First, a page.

My Folks Don't Know My Teenage Sister Is Eloping. Help!
I FAKE ORGASMS WITH MY HUSBAND
Dear Willie D:
I haven't had an orgasm with my husband since we've been married [9 years]. I have managed to give myself orgasms. I'm still attracted to him, but I just can't come to a climax when we're making love. Is it him, or me?
It's you, and your husband. Most women can't reach a climax from intercourse alone because their clitoris isn't getting enough stimulation. Many women enjoy oral sex so if that's your thing tell him so the next time you're together intimately. Also before, and during penetration get him to gently stroke your clitoris with his fingers, or a sex toy using lots of lubricant or you can do it yourself.
You guys need to work together, and not play the blame game. You're just as responsible for your orgasm and his as he is for his, and yours.
SHOULD I TELL MY PARENTS THAT MY SISTER IS ELOPING?
Dear Willie D:
My sister, who is a freshman in college, told me she is going to elope on her 18th birthday in two weeks. She is doing it because she knows my parents will never approve of her boyfriend who cursed my mom out about four months ago, and has been to jail for burglary. Her boyfriend really isn't a bad guy. Other than his temper, he is great to be around. I don't know how to feel about all of this. I love my sister and I don't want to rat her out, but this is a big step.
We have always kept our secrets between us, and had each other's backs for better or worse. When I damaged my dad's car last year and had it painted, she never once said anything to anyone. Our parents aren't the best, but they aren't the worst either. If my sister goes through with her plans they will be crushed that they weren't informed, let alone asked to participate. Would I be wrong to break our sisterly bond and tell them what's up?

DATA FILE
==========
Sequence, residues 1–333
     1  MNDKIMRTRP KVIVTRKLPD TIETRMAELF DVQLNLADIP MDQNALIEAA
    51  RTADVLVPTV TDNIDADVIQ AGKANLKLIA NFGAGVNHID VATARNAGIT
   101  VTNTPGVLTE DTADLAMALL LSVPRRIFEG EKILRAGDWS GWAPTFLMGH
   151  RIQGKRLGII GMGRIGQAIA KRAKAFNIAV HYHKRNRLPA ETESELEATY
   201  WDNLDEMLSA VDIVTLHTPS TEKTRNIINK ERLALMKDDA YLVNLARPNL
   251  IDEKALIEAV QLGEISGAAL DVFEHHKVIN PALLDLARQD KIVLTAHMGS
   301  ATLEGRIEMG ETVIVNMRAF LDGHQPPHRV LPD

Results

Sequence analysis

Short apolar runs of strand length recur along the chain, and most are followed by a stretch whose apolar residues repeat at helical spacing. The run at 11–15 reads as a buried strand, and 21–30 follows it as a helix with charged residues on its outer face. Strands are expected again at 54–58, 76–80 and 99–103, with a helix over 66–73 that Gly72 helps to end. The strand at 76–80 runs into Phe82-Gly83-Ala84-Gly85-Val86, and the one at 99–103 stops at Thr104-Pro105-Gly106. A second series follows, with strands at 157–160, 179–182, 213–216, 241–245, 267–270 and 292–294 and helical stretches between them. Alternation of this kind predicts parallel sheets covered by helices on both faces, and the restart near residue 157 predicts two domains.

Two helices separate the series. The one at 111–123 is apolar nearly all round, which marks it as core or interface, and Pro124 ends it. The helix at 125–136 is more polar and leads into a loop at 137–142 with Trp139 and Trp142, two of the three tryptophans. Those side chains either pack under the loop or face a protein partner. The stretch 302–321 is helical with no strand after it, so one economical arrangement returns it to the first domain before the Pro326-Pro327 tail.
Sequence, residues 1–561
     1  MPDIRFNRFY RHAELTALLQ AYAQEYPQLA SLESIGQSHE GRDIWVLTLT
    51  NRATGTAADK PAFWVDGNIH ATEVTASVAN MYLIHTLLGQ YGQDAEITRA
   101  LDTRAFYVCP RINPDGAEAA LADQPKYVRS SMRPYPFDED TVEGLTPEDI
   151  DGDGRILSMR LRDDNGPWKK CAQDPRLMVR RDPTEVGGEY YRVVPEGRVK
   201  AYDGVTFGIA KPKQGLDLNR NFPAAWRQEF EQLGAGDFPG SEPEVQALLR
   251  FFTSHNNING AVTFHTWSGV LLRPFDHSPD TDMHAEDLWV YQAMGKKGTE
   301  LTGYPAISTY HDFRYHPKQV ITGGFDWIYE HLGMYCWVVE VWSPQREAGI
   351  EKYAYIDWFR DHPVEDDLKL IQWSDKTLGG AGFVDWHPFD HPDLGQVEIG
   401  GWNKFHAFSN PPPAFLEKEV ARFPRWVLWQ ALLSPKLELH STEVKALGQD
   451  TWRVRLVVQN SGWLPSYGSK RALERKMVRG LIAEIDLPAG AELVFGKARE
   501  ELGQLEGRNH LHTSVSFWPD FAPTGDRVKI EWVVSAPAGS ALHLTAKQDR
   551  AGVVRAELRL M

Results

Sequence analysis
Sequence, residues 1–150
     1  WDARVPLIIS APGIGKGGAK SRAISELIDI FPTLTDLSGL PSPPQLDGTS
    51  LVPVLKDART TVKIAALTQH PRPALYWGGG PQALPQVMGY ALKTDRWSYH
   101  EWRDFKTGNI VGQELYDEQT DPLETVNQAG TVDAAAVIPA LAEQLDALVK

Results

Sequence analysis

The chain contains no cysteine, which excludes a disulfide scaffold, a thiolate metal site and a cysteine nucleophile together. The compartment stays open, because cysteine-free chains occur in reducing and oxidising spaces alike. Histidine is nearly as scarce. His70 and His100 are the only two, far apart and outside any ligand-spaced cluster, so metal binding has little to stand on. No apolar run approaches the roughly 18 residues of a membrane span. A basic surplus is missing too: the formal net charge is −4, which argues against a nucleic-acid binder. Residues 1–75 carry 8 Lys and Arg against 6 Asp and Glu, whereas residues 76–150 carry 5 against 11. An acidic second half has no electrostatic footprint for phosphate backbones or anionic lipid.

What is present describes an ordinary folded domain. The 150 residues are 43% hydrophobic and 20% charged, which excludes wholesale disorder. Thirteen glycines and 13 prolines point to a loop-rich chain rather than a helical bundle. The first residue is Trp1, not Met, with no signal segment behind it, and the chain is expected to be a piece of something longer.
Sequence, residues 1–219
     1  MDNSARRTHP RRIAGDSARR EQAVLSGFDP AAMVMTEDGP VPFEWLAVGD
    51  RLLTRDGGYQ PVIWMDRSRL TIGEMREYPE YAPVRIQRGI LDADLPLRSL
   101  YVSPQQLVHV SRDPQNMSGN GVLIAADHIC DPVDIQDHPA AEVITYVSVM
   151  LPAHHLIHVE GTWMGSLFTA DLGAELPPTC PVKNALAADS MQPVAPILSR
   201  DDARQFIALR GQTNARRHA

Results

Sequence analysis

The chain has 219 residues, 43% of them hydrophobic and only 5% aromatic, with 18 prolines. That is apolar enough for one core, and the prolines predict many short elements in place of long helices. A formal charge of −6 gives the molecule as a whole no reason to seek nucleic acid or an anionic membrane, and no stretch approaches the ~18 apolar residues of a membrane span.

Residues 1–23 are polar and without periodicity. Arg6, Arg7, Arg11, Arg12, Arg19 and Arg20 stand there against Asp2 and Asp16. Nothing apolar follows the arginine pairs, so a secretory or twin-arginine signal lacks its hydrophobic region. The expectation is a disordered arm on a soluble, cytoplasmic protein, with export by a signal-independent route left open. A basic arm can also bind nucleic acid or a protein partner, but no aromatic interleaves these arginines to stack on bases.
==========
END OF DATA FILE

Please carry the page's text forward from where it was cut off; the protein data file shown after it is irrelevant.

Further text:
You would be wrong as two left shoes if you ratted out your sister. It's her life, and if she wants to elope, it's her prerogative. With that said, we live in a very selfish world where people do whatever they want without any consideration for others. When family members don't support a relationship elopement usually occurs. But if family, specifically parents, has been supportive of us, even if they hate the guts of the person we intend to marry, we should at least consider a middle ground.
At the minimum I think she should give your parents the option to attend the ceremony; whether it's a big party, a Fat Elvis Vegas wedding, or held at the courthouse. In the end, however, it doesn't matter if your parents are involved in the wedding or not, they will still be disappointed because they don't approve of the boyfriend, not to mention the fact that your sister will only be 18 when she elopes.
The thing that disturbs me most about all of this is, your soon-to-be brother-in-law cursed out your mother and you said he's great to be around. What part of the game is that?
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